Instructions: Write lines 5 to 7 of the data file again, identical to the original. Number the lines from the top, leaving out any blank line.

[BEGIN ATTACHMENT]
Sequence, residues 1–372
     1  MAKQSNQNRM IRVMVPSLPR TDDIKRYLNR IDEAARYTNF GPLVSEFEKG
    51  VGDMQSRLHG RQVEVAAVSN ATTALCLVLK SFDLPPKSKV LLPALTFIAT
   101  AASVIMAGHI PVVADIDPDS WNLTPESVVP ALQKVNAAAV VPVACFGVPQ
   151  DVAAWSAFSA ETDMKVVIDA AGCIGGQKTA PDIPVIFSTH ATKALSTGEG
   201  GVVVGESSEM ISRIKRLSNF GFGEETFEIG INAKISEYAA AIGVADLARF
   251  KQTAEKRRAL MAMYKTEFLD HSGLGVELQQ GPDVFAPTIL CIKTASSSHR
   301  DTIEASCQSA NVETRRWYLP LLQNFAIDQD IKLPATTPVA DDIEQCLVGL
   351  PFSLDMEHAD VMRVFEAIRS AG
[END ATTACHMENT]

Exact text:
   151  DVAAWSAFSA ETDMKVVIDA AGCIGGQKTA PDIPVIFSTH ATKALSTGEG
   201  GVVVGESSEM ISRIKRLSNF GFGEETFEIG INAKISEYAA AIGVADLARF
   251  KQTAEKRRAL MAMYKTEFLD HSGLGVELQQ GPDVFAPTIL CIKTASSSHR